If you’re interested in studying at MIT, you’ll have to work hard and have a strong application. There is no single admissions process, so focus on writing an impressive MIT essay and giving an excellent MIT interview. In addition, you should take advantage of the Early Action program if it is available to you.
MIT is need-blind
MIT is one of a few elite universities that has adopted a need-blind admissions policy. By doing this, the college ensures that applicants do not face any financial disadvantages. This policy applies to both domestic and international students. For example, if you are from India and are not a US citizen, you will not be denied admission because of your financial situation.
MIT is not need-blind to international students. In fact, it meets 100% of admitted students’ demonstrated need without requiring loans. Currently, MIT is one of six universities in the US that do this.
MIT requires two letters of recommendation
MIT requires two letters of recommendation, preferably from teachers in the sciences, math, and humanities. One letter should be from a science teacher, while the other should be from a humanities, language, or social science teacher. The letters should also include additional information from a guidance counselor, such as a school profile or transcript.
MIT looks for students with a strong sense of community spirit. Whether it’s community service, or lobbying for policy changes, MIT is looking for a student who has been engaged in meaningful activities. MIT doesn’t want a laundry list of extracurricular activities; they want people who are deeply involved in one or two.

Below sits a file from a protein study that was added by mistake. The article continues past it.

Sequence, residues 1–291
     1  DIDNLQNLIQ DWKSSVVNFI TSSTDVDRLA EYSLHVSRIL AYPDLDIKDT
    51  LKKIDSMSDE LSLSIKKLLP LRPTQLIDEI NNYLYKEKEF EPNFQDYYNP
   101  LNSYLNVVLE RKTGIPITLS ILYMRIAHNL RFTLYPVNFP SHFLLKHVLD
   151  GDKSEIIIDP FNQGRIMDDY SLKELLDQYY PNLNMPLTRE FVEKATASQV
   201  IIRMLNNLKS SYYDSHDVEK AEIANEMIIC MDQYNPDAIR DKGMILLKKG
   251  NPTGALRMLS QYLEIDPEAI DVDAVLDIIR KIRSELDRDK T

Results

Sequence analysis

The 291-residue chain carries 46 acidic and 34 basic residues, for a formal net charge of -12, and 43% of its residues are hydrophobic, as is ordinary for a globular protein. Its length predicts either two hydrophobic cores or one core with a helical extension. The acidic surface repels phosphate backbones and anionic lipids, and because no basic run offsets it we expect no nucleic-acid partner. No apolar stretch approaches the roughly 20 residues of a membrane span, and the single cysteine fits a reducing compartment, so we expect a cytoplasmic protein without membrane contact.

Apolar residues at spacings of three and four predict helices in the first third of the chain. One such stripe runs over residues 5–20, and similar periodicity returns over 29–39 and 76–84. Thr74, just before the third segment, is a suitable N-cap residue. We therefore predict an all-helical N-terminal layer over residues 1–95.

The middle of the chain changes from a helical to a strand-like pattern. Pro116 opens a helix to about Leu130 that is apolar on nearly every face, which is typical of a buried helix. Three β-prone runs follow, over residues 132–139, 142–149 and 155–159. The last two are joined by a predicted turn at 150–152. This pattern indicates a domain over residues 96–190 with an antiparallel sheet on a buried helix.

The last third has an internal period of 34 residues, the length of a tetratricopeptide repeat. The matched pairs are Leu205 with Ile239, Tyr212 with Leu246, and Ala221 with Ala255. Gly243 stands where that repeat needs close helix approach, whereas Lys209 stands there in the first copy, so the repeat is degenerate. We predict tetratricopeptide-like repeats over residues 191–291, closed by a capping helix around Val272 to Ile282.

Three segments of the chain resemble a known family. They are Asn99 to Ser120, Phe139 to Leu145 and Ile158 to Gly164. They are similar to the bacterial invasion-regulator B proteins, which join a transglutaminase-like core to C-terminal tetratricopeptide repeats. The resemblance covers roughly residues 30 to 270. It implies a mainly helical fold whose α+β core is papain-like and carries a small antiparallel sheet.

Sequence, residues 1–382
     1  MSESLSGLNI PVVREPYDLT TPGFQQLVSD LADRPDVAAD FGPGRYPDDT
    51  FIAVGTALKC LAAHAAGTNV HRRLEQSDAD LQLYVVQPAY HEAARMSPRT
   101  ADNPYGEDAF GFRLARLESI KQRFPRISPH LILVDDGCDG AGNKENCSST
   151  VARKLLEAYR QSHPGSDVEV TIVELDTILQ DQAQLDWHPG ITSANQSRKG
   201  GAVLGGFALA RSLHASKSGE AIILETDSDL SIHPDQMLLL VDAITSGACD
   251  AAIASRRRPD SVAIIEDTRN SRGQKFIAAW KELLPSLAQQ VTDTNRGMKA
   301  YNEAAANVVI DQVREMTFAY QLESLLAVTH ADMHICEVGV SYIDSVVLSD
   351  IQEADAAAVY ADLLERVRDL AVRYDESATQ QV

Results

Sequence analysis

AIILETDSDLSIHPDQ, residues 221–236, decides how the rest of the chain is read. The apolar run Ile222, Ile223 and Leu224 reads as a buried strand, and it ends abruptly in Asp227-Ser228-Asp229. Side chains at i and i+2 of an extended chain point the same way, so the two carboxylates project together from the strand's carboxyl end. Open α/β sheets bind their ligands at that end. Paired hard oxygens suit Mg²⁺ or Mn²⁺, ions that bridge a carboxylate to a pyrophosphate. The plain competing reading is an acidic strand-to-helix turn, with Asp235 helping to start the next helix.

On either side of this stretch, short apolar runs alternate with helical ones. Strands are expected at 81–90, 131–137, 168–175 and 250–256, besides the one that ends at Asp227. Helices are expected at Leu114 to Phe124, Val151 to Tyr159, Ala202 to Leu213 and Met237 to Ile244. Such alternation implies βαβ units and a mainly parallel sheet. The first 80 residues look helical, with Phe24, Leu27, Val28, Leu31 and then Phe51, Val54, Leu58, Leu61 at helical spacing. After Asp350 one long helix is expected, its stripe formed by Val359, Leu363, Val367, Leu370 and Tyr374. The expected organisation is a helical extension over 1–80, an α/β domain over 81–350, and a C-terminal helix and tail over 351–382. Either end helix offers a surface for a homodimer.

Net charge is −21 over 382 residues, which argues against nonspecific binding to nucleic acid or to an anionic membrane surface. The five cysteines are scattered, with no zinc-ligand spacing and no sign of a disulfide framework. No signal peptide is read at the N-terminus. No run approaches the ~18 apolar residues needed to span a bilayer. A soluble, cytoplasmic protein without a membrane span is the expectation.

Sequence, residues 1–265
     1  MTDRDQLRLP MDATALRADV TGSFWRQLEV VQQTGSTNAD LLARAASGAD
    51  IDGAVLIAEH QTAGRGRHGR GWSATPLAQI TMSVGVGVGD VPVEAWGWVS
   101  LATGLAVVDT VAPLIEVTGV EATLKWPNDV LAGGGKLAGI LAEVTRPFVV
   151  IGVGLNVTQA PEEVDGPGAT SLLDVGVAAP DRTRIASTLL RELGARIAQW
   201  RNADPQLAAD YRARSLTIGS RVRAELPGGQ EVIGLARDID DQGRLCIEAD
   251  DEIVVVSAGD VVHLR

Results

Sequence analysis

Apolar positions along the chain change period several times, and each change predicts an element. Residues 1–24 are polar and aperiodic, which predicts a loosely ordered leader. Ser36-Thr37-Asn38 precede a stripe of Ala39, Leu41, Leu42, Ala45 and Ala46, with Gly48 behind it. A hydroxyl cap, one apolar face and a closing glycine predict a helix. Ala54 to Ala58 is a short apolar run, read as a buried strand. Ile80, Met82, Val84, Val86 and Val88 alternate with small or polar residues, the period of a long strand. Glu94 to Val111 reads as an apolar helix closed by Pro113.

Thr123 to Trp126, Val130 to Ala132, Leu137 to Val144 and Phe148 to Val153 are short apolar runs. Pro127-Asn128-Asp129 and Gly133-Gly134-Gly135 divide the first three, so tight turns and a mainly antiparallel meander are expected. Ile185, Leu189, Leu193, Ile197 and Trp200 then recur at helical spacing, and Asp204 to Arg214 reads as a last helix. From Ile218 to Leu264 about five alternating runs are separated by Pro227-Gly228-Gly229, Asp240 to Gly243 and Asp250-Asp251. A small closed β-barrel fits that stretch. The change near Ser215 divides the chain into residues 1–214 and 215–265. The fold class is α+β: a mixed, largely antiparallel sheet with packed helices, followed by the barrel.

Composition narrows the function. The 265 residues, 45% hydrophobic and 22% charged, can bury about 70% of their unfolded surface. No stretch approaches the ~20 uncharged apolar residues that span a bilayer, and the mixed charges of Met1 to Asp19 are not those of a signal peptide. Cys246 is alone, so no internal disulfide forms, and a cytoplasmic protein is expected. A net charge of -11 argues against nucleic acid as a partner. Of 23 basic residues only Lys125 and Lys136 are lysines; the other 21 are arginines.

MIT also requires a strong standardized test score. To maximize your chances of getting in, plan to take the SAT or ACT several times, preferably in the fall of your junior year. By taking the test more than once, you can learn from your mistakes and improve your score.
MIT offers Greek life
Despite recent restrictions, MIT offers Greek life, and is a lively, vibrant campus community. The university has 26 fraternity chapters, and nearly half of male undergrads join one of these organizations. Six sororities are also available. Students who don’t want to join a fraternity or sorority can still find social outlets in the university’s many dorms, which all have distinct personalities.
MIT’s fraternities and sororities are self-governed organizations, and members decide on academic, social, membership, and recreational policies. They are also involved in a wide range of social and charitable programs on campus.
MIT offers fun clubs
The Association of Student Activities (ASA) is the umbrella organization for MIT’s numerous clubs and activities. There are over 450 recognized student groups on campus, with one club per 10 undergraduates. Besides traditional clubs, students can also create new ones based on their personal interests. These include ethnic and cultural associations, musical and theater groups, debate teams, and activism groups.
The atmosphere on campus is always warm, and students are encouraged to join clubs. Some MIT traditions include the annual MIT Mystery Hunt, a puzzle-hunt competition and celebration.